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And dwells fuch rage in softest bofoniš then?
And lodge such daring souls in little men?

Sol thro' white curtains shot a tim'rous ray,
And op'd those eyes that must eclipse the day;
Now lapdogs give themselves the rowsing shake,
And sleepless lovers just at twelve awake:
Thrice rung the bell, the slipper knock'd the ground,
And the press’d.watch return'd a silver sound.
Belinda ftill her downy pillow preft,
Her guardian Sylph prolong’d the balmy rest.
Twas he had summon'd to her silent bed
The morning.dream that hover'd o'er head.
A youth more glittring.than a birth-night beau,
(That ev'n in Number caus'd her cheek to glow)
Seem'd to her ear his winning lips to lay,
And thus in whispers said, or seem'd to say.

Fairest of mortals, thou distinguish’d.care Of thousand bright inhabitants of air! If e'er one vision touch'd thy infant thought, Of all the nurse and all the priest have taught, Of-airy elves by moonlight shadows seen, The silver token, and the circled green, Or virgins visited by angel-pow'rs, With golden crowns and wreaths of heav'nly flow'rs,


Hear and believe! thy own importance know,
Nor bound thy narrow views to things below.
Some secret truths, from learned pride conceald,
To maids alone and children are reveald:
What tho' no credit doubting wits may give?
The fair and innocent shall still believe.
Know then, unnumber'd spirits round thee fly,
The light militia of the lower sky;
These, tho' unseen, are ever on the wing,
Hang o'er the box, and hover round the ring:
Think what an equipage thou haft in air,
And view with scorn two pages and a chair.
As now your own, our beings were of old,
And once inclos'd in woman's beauteous inold;
Thence, by a foft transition we repair
From earthly yehicles to these of air.
Think not, when woman's tranfient breath is fled,
That all her vanities at once are dead:
Succeeding vanities the still regards,
And tho' she plays no morey o'erlooks the cards
Her joy in gilded chariots when alive,
And love of Ombre, after death survive.
For when the fair in all their pride expire,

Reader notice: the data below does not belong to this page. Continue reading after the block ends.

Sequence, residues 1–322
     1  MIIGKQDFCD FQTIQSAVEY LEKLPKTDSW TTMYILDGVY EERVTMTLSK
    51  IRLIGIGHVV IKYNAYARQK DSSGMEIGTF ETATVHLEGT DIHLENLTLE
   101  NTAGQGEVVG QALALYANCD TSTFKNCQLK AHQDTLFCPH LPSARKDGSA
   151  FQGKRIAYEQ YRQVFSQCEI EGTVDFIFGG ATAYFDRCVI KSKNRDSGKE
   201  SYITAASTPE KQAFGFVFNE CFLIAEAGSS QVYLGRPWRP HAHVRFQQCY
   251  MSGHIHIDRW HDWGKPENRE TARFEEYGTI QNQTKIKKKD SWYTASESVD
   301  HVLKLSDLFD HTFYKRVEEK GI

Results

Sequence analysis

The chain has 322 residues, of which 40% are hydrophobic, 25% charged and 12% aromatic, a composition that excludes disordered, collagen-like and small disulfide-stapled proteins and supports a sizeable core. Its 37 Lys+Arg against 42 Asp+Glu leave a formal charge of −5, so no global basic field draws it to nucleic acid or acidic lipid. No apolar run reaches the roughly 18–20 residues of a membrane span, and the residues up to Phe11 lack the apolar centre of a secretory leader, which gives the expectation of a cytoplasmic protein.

To their first elements the souls retire;-

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The sprites of fiery termagants in flame
Mount up, and take a Salamander's name:
Soft yielding minds to watex glide away,
And fip, with nymphs, their elemental tea.
The graver prude finks downward to a Gnomen,
In search of mischief still on earth to roam.
The light coquettes in Sylphs aloft repair,
And sport and flutter in the fields of air.

Know farther yet; whoever fair and chafte
Rejects mankind, is by fome Sylph embrac'd :
For fpirits, freed from mortal laws, with ease
Affume what sexes and what shapes they please..
What guards the purity of melting maids,
In courtly balls, and midnight masquerades,
Safe from the treach'rous friend, and daring spark,
The glance by day, the whisper in the dark;
When kind occasion prompts their warm desires,
When mufick softens, and when dancing fires ?
'Tis but their Sylph, the wise celestials know,
Tho' honour is the word with men below.

Some nymphs there are, too conscious of their face,
For life predestin'd to the Gnomes embrace.
These swel their prospects, and exalt their pride,
When offers are disdait'd, and love deny'd.


Then gay ideas crowd the vacant brain,
While Peers and Dukes, and all their sweeping train, -,
And garters, stars, and coronets appear,
And in soft sounds, your grace salutes their ear.
'Tis these that early taint the female soul,
Instruct the eyes of young coquettes to roll, 1
Teach infants cheeks a bidden blush to know,
And little hearts to flutter at a beau. .

Oft when the world imagine women stray,
The Sylphs thro' mystic mazes guide their way,
Thro' all the giddy circle they pursue,
And old impertinence expel by new.
What tender maid but must a vi&tim fall
To one man's treat, but for another's ball?
When Florio fpeaks, what virgin could withstand,
If gentle Damon did not squeeze her hand?
With varying vanities from ev'ry part,
They fhift the moving toyshop of their heart;
Where wigs with wigs, with sword-knots sword-

knots ftriye,
Beaus banish beaus, and coaches coaches drive.
This erring mortals levity may call,
Oh blind to truth! the Sylphs contrive it all. --

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Of these am I, who thy protection claim, A watchful sprite, and Ariel is my name. Late, as I rang’d the crystal wilds of air, In the clear mirror of thy ruling star I saw, alas ! some dread event impend, E’er to the main this morning Sun descend. But heav’n reveals not what, or how, or where: Warn’dby the Sylph, oh pious maid, beware! This to disclose is all thy guardian can ; Beware of all, but most beware of man! He said ; when Shack, who thought she slept too

long, Leap'd up, and wak'd his mistress with his tongue. 'Twas then Belinda! if report lay true," Thy eyes first open'd on a billet-doux; Wounds, charms, and ardors, were no sooner read, But all the vision vanith'd from thy head.

And now, unveil'd, the toilet stands display'd, Each filver vase in mystic order laid, Fivít, rob'd in white, the nymph intent adores With head uncover'd, the cosmetic pow'rs. A heav'nly image in the glass appears, To that she bends, to that her eyes the rears;

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